From its fabled Southern origins, dating back to the mid-19th century, this whiskey has earned the reputation of being America’s liquor.
It’s burnt golden nectar, with its singed sweetness, has a Congressional seal of approval with official status as ‘America’s Native Spirit’.
Bourbon drinkers will settle for nothing less.
There are many different bourbon whiskeys available. Each has its own distinctive flavor and, as you drink them, you will determine what you do and don’t like.
This article will serve as a great introduction to the different types of bourbon available.
The 3 Types of Bourbon: A Intro to America’s Native Spirit
Before we dive into the 3 main types of bourbon, let’s touch on the basics.
Bourbon is distilled all over the country, but Kentucky will always be considered its home state of production (…although there may be a few folks down in New Orleans and over in Tennessee who consider otherwise).
To be called a bourbon, the whiskey must:
- Have a mash (the grain-based mixture from which bourbon is made) that is at least 51% corn.
- Be distilled in charred oak barrels. These barrels give the liquor its distinctive golden hue.
- Be a maximum of 80% alcohol by volume.
Although there are no requirements on aging the whiskey the best batches are matured for at least four years. A batch aged less than two years is legally required to display its age on the bottle.
Now that we’ve covered the basics, here’s a rundown of the various types of bourbon and a few examples of each.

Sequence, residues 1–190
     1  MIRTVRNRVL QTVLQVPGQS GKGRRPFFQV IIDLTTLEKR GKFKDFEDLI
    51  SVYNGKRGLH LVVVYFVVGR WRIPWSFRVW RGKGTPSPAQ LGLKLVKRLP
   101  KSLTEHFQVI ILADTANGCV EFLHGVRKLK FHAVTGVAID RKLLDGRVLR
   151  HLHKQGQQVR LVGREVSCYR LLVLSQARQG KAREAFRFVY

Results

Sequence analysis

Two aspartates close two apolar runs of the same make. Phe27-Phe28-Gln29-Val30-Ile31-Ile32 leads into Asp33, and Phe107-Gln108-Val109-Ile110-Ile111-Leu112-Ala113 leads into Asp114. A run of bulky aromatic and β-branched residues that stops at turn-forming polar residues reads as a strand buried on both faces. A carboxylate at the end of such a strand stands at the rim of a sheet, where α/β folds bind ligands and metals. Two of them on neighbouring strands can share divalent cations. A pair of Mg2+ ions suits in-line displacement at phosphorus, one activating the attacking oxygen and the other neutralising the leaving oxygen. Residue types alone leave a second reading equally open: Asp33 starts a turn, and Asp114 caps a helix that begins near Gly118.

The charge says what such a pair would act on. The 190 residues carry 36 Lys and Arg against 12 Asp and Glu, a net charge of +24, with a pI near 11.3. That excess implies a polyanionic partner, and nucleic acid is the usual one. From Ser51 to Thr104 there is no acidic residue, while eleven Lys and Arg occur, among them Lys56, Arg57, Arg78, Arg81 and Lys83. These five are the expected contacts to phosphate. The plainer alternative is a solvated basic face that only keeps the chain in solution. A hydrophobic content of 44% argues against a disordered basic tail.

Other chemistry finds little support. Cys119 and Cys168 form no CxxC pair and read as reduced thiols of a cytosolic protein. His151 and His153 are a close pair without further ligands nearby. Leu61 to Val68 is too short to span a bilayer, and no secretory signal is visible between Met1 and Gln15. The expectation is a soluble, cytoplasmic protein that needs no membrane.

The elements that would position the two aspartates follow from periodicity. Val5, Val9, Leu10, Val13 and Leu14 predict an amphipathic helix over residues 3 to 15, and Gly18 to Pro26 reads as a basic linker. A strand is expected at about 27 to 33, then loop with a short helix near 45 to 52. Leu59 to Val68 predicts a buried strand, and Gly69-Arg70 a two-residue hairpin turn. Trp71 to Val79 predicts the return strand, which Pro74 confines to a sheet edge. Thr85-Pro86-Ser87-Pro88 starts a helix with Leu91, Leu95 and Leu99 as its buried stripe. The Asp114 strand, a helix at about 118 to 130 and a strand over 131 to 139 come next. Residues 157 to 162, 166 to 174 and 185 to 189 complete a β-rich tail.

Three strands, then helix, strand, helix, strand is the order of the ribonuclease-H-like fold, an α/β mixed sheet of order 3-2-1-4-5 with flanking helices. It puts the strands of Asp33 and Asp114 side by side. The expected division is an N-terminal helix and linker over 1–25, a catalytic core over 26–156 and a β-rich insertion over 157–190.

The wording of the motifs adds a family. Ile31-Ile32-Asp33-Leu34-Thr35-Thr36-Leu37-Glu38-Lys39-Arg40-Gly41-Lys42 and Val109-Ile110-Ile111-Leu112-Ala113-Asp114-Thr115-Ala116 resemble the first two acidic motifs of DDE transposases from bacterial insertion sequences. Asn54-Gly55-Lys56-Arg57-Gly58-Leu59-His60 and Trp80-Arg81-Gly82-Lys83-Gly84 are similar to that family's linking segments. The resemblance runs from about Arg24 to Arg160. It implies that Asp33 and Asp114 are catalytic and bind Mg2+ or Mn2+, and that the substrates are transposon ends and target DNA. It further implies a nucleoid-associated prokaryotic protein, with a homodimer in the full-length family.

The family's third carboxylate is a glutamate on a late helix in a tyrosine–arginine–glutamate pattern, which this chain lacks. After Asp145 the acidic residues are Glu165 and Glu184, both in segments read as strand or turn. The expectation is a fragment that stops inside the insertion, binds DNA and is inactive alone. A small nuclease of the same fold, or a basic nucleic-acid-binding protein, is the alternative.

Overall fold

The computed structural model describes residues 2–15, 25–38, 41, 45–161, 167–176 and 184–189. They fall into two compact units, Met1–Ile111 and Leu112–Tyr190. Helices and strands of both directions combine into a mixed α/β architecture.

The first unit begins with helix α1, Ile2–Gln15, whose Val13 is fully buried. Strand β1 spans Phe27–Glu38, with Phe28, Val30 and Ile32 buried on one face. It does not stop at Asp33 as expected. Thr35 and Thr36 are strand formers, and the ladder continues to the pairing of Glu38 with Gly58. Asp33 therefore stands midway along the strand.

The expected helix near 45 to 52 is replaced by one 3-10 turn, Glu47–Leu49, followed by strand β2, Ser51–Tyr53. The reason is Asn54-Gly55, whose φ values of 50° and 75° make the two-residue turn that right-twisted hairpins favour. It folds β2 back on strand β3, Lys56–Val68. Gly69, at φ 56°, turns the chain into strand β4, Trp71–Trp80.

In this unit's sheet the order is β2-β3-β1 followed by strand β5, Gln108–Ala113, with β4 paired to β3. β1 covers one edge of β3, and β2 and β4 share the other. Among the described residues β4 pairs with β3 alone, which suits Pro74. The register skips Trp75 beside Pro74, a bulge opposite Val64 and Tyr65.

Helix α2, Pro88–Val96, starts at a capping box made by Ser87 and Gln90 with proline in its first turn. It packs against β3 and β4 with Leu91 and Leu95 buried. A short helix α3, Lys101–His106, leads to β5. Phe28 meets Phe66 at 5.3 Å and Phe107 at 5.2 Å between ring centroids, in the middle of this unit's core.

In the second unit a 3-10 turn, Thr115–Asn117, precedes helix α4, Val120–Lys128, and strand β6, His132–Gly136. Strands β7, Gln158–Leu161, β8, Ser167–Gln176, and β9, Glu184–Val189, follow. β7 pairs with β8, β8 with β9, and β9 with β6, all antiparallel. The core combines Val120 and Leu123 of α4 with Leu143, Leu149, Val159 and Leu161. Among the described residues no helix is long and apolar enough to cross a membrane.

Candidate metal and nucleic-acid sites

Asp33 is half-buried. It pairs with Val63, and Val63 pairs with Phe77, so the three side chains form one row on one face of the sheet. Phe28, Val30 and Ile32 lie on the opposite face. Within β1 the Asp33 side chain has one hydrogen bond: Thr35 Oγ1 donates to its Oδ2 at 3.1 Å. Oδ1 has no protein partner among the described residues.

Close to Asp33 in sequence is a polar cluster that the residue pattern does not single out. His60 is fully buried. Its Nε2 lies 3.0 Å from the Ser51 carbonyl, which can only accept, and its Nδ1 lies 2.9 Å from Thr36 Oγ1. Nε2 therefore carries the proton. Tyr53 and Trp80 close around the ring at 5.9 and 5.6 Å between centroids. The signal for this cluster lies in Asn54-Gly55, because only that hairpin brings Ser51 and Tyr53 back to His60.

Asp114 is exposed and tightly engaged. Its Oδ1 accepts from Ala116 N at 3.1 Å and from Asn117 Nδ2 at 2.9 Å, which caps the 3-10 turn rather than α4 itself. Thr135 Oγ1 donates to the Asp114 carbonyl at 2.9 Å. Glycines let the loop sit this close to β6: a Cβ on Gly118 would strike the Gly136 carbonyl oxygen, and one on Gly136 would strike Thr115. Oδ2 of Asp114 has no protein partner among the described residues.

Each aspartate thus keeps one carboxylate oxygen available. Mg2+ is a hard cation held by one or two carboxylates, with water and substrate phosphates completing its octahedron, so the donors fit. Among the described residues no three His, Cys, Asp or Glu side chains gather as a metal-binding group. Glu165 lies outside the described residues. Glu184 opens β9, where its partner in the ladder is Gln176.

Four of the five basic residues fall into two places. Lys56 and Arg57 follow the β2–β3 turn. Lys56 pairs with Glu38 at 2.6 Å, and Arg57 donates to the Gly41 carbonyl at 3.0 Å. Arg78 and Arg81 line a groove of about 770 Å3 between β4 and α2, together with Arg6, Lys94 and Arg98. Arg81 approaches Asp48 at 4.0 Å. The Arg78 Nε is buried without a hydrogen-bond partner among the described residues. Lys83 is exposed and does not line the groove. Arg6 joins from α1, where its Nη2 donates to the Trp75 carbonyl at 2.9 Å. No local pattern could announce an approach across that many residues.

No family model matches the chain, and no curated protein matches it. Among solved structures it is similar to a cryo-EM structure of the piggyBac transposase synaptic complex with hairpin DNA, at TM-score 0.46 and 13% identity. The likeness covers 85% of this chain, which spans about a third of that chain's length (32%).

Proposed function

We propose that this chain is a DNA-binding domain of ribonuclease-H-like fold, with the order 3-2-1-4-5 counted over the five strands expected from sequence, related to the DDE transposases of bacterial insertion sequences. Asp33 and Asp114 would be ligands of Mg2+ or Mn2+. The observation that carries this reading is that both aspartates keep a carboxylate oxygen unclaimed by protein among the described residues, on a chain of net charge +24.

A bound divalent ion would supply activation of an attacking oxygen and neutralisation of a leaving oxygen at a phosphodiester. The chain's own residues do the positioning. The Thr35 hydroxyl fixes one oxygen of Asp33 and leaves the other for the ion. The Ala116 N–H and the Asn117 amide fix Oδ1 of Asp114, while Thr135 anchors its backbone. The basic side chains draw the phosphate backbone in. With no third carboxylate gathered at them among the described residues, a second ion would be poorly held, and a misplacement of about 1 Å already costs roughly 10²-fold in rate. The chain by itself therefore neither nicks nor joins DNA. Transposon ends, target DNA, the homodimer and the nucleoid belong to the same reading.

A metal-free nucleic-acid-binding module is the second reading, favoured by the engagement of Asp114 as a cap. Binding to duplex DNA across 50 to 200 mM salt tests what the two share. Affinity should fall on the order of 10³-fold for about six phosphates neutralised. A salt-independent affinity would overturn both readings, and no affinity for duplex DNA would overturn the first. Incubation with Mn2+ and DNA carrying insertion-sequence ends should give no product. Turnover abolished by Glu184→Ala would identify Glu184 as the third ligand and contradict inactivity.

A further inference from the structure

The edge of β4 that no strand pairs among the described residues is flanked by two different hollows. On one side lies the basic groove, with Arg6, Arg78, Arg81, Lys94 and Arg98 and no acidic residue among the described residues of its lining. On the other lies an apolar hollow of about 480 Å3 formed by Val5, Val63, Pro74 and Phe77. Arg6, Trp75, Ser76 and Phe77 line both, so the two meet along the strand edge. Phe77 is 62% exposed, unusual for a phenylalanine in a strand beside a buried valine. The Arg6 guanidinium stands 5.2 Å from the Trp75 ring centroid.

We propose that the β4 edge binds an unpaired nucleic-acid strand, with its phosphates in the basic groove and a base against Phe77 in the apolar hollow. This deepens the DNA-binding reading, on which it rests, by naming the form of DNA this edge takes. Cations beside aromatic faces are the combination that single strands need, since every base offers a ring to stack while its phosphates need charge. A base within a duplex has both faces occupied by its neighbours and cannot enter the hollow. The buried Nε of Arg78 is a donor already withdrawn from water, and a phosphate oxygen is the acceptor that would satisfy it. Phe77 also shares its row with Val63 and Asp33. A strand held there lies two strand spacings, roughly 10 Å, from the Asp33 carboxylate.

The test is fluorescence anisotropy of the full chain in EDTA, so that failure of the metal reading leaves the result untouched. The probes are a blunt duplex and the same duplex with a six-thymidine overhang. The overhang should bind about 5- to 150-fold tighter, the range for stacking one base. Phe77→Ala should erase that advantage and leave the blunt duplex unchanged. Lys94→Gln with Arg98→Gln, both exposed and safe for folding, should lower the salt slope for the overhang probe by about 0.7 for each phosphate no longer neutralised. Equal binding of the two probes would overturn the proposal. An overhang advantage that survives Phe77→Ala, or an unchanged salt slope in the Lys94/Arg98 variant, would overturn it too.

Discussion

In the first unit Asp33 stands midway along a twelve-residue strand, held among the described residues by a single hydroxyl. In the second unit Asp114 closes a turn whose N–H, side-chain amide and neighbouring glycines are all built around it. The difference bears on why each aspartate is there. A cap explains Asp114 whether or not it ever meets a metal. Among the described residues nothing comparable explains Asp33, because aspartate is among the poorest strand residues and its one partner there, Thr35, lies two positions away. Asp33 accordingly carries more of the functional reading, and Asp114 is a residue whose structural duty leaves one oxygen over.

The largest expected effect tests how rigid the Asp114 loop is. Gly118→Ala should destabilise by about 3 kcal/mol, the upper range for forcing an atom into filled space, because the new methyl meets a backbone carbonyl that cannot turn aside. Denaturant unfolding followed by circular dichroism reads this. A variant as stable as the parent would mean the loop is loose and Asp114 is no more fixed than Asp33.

The 3 Types of Bourbon
1) Traditional Bourbon
The grain component used to make the mash of traditional bourbon is over 70% corn, (the remainder being equal parts rye and barley).
Its flavor is a balanced blend of sweet and spice.
The traditional varieties are the brands that typically first come to mind when thinking about bourbon.
These are your Jim Beam, Evan William, Wild Turkey, Old Crow, and Knob Creek.
2) Wheat Bourbon
Wheat Bourbon is prepared very similarly to Traditional.
The difference, as the name implies, is that wheat is used in its mash mixture (replacing the rye). This sweetens the flavor, and also softens the burn.
The top wheat brands are Maker’s Mark, Four Roses and Old Fitzgerald.
3) Rye Bourbon
If you’re starting to notice a trend, you may have already guessed what makes a Rye Bourbon.
Once again, the concentration of the grain mixture is key.
In Rye Bourbon the mix will be less corn, almost no barley, and double the rye. Ryes are best known for their bite.
Popular brands include Bulleit (my personal favorite), Four Roses, George T. Stagg, Basil Hayden’s and Woodford Reserve.
The Little Things
Traditional, wheat and rye are the basic types of bourbon, but similar to scotch and other whiskeys, these types break down further into sub-lines based on slight alterations in production techniques.
Small batch bourbon
Unless otherwise stated, most bourbons, and whiskeys in general, are a blend of some kind. Small batch simply means that it is the blend of a small number of barrels.
What is small? There is no hard and fast number, but as a rule of thumb, small would be under 100.
Single barrel bourbon
As it sounds, this liquor is produced from a single barrel. Taste, aroma and color vary from barrel to barrel. Because of this, every new single barrel release you try will be slightly different.
When whiskeys are filtered, some of its flavor is filtered out. Because of this, many argue that this is the most flavorful of all the types of bourbon. Quite simply, unfiltered bourbon is not filtered. This leaves the liquor with a hazy appearance.
Blended bourbon is slightly harder to find than most blended whiskeys. It has other additives for color or flavoring mixed in once the whiskey is out of the barrel At least 51% of the mixture has to be straight bourbon.
As you can see there are quite a few different types of bourbon. Now that you have the foundational knowledge, it’s time get out there and enjoy America’s native spirit!